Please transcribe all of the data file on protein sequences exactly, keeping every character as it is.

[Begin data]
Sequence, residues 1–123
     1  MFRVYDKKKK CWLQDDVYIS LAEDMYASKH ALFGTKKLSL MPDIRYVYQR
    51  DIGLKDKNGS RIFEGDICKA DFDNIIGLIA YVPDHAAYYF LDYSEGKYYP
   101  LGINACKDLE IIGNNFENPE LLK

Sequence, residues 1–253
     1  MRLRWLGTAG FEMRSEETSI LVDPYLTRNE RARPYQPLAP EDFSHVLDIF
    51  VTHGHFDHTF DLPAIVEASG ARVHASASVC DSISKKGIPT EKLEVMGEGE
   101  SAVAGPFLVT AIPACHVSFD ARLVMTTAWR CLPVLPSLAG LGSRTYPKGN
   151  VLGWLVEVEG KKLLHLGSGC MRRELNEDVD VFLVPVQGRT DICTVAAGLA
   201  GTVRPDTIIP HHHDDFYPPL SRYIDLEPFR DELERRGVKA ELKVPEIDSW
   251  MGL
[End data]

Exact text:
Sequence, residues 1–123
     1  MFRVYDKKKK CWLQDDVYIS LAEDMYASKH ALFGTKKLSL MPDIRYVYQR
    51  DIGLKDKNGS RIFEGDICKA DFDNIIGLIA YVPDHAAYYF LDYSEGKYYP
   101  LGINACKDLE IIGNNFENPE LLK

Sequence, residues 1–253
     1  MRLRWLGTAG FEMRSEETSI LVDPYLTRNE RARPYQPLAP EDFSHVLDIF
    51  VTHGHFDHTF DLPAIVEASG ARVHASASVC DSISKKGIPT EKLEVMGEGE
   101  SAVAGPFLVT AIPACHVSFD ARLVMTTAWR CLPVLPSLAG LGSRTYPKGN
   151  VLGWLVEVEG KKLLHLGSGC MRRELNEDVD VFLVPVQGRT DICTVAAGLA
   201  GTVRPDTIIP HHHDDFYPPL SRYIDLEPFR DELERRGVKA ELKVPEIDSW
   251  MGL